When I was in seminary we often had to memorize outlines for exams. At the time many of us felt like this was a silly exercise but in hindsight, nothing has helped me more in understanding the whole thrust of a book of the Bible. Outlines help you remember where passages are. They help you wrestle with the central themes of the book and the flow of thought so you can keep CONTEXT in mind when looking at a single verse.

3) Knowing the major themes of a book helps to understand its message and application
Every book in the Bible is written for particular circumstances and people. Paul does not use the word "works" in the same way James does. John uses contrasts like light and dark. An overview class helps you identify the major themes and how they may apply today.

4) You would like to more a more in-depth study but don't know where to begin
Included in our overview class is recommended commentaries and other resources that may help you probe a book more further.

5) You need a better understanding of how the parts fit into the whole
Many people may be familiar with certain verses or phrases in the Bible but they neglect knowing the context of that verse. Additionally, it is often difficult to see how a particular book contributes to the whole message of the Bible. An overview helps to explain why God gave us books like Nahum, Daniel, or Habakuk.

6) You don't have time to go through the whole Bible in a reasonable amount of time
The Bible is worthy of a lifetime of study and worthy dedicating time to parse every word for spiritual benefit. At the same time, a brief overview can be just as spiritually beneficial and in some cases better. A person can parse every word as lose sight of the forest for the trees.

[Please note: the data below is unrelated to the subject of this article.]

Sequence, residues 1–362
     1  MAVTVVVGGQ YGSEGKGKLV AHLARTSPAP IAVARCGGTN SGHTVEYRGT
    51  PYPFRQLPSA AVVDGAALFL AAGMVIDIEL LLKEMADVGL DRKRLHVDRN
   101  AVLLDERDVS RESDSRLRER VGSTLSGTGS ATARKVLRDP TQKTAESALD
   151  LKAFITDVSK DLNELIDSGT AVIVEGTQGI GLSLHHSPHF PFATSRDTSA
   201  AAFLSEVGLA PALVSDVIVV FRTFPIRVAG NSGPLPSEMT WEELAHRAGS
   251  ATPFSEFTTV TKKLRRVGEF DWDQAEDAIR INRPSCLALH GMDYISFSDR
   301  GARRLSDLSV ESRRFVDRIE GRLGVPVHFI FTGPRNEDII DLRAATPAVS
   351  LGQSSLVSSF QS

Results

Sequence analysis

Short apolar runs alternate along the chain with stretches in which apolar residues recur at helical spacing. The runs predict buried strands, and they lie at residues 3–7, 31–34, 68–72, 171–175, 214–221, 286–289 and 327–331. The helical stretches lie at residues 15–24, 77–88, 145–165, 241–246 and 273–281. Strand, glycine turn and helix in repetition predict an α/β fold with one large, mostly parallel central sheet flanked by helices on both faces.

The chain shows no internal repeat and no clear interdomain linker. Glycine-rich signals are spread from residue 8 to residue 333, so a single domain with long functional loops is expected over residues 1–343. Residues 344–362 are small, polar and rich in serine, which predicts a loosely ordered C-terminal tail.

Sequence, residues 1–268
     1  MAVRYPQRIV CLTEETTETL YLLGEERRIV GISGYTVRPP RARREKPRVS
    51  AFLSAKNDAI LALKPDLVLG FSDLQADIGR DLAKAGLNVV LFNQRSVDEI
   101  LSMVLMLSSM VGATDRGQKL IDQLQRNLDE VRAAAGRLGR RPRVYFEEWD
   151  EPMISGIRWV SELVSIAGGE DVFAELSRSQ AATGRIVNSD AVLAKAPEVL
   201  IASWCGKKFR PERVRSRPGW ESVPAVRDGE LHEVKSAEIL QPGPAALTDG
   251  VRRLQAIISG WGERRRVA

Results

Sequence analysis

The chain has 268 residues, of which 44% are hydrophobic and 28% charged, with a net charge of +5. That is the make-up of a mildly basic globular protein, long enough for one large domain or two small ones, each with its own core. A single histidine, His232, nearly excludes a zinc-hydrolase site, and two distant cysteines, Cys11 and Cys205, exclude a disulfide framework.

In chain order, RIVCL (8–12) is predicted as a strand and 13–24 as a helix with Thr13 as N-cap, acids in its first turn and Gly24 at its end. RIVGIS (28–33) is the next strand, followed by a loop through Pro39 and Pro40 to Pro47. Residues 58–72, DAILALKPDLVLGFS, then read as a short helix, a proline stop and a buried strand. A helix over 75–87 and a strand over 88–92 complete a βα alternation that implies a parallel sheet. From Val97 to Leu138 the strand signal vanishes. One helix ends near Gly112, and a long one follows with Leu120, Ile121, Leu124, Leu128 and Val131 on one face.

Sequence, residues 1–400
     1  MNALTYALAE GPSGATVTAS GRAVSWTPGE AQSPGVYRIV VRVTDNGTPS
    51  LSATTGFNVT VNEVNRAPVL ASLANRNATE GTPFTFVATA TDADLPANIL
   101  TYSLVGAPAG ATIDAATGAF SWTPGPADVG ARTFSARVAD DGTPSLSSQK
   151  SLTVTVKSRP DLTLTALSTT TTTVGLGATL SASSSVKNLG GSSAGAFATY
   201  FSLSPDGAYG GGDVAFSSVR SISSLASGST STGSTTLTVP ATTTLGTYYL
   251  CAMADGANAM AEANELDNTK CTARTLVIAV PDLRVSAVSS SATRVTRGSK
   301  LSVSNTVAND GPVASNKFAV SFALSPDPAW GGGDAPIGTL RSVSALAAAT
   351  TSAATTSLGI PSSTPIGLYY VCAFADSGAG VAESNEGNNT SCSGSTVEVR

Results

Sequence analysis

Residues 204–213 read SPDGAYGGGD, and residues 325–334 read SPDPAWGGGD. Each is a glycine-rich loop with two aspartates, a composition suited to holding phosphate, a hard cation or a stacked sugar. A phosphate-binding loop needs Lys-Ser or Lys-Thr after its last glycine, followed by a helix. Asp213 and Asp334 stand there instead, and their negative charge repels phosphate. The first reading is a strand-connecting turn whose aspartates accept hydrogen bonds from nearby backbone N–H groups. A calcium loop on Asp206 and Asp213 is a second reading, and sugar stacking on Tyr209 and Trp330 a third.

7) You have never studied the Minor Prophets
Admit it. You never have. Christians these days are woefully ignorant of this portion of scripture.

8) John Lunsford is a good teacher
There are a lot of wonderful wise saints that sit in his class no matter how many times they have heard it before. It is always fresh and engaging. Get to know one of our elders and the older wiser saints in the class.

9) It will bring clarity to how God was working redemptively then and setting the stage for the coming of Jesus

10) You need to be reminded we are Israel, our society is Israel who have wandered and rebelled against God.
Only the arrogant and foolish think there are not things to be learned and sanctified by in the Minor Prophets. There is hope, but you cannot appreciate the hope if you don't work through all the horrible sin that the bulk of the prophets focus on. God's judgment always has redemptive aims but you can't appreciate it if you are not in touch with your flesh still waging war against your soul.

Wednesday, October 23, 2013

Questions and Answers from "The Good News and Marriage"

On Sunday I preached on "The Good News and Marriage." Prior to Sunday I understood this particular subject would be impossible to appropriately cover in a single morning. So I thought it would be helpful to ask you, the good folks of Dwell, what sorts of questions came to mind during the sermon. I ventured to answer ten questions, but soon realized that was more than I could conquer in a single post. So here are the first five questions and answers; I'll answer another five by the middle of next week. Thanks so much for participating! I hope you find these helpful and let me know if you have any additional questions ...